Vertical wells have historically been used for this purpose; however horizontal wells are gaining favor because they can place a longer screen in contact with the contaminant plume and may be steered to follow a plume. Horizontal wells also require fewer pumps and manifolds than vertical well networks. Figure 7 illustrates a groundwater extraction system using a horizontal well, superimposed over the complex vertical well system that might be required to treat the same plume.

Shallow horizontal wells may also be used to infiltrate treated water back into the ground. This can be of benefit at sites where connection to a municipal sewer is impractical since discharge to the ground surface or to a surface stream is generally highly regulated.

Injection Systems

Air Sparging

Air sparging makes use of the physical principles outlined in the soil vapor section to remove contaminants that are dissolved in the groundwater. If clean air is bubbled through contaminated groundwater, some of the dissolved contaminant moves into the air (called partitioning) and is transported to the top of the water table and released into the soil vapor.

Air sparging systems usually incorporate a pair of wells to promote this mass transfer. Figure 8 shows a typical layout. The actual sparge, or air injection well ("A"), is placed some distance below the water table and used to inject compressed air into the groundwater column. A soil vapor extraction well ("B") is situated vertically above the air sparge well to draw off the volatilized contaminants. Many designs have several sparge and extraction wells spaced at regular intervals across a site to cover a large area of contamination.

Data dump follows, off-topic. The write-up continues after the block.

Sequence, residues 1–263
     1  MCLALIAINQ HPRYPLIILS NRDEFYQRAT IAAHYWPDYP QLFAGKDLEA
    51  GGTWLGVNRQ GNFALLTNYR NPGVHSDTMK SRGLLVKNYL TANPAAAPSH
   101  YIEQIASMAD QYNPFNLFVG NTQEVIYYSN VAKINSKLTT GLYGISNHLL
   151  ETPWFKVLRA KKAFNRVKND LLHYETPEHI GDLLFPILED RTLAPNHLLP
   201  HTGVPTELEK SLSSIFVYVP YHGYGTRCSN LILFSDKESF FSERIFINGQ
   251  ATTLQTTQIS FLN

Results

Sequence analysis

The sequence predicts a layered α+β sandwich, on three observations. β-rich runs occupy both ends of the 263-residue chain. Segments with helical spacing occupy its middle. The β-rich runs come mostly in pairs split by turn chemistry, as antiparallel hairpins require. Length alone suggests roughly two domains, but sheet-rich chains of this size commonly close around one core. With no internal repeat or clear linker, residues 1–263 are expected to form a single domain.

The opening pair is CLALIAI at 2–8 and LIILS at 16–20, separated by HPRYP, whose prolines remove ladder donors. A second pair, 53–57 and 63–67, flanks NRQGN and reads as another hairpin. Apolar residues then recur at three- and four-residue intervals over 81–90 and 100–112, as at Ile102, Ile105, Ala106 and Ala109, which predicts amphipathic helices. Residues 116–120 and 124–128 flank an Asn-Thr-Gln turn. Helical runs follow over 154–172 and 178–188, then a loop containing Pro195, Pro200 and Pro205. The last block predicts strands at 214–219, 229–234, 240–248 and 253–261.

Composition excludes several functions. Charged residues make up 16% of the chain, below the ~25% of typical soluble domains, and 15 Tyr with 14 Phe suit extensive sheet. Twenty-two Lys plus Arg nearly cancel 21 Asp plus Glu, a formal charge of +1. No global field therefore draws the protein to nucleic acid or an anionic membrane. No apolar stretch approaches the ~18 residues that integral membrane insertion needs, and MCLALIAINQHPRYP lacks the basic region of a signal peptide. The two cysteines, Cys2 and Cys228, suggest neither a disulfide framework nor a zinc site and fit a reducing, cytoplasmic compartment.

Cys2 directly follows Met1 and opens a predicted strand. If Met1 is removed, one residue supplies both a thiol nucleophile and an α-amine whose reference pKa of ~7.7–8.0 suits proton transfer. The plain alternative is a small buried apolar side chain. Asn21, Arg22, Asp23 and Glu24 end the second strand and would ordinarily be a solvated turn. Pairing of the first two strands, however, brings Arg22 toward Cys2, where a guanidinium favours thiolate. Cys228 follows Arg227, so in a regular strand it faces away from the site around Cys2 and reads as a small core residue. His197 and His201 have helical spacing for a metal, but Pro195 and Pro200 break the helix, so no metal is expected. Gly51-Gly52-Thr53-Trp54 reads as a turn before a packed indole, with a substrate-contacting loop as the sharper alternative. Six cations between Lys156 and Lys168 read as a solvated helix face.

Horizontal wells have several advantages over vertical wells in this application. The ability to gain access to obstructed areas and to follow plumes is described earlier. Horizontal sparge wells have also been demonstrated to be far more effective than vertical wells in dispersing air across a broad area; however, proper design is critical to ensure even air distribution from end to end within the well.

Rather than using the slotted casing typical of soil vapor or groundwater extraction, air sparge wells most frequently use solid pipe with small (ca. 0.125 inch) holes drilled at intervals of a few inches along the desired interval. This limits the percentage of open area within the pipe, permitting suitable air injection rates with smaller compressors. The design of the pipe diameter, hole size, spacing and compressor capacity is critical to ensure a usable flow rate and uniform air delivery.

These small-diameter holes can make development and ongoing maintenance of air sparge wells difficult. Complete removal of drill cuttings and spent drilling fluid may never occur within a reasonable development time frame, because the installer has a very limited openpipe area from which to flush, jet or pump the surrounding formation. Figure 9, showing a cross-section of a typical sparge well, illustrates the problem. If the system is to be operated continuously, that is, air will always be leaving the pipe, lack of development might not be an issue. However, most systems are shut down periodically, either as part of the remediation design or for equipment maintenance. If fine materials surround the sparge well, they will enter the pipe as the air bleeds off and groundwater enters the injection holes. Once inside the casing, fine sand and silt is nearly impossible to remove without redevelopment.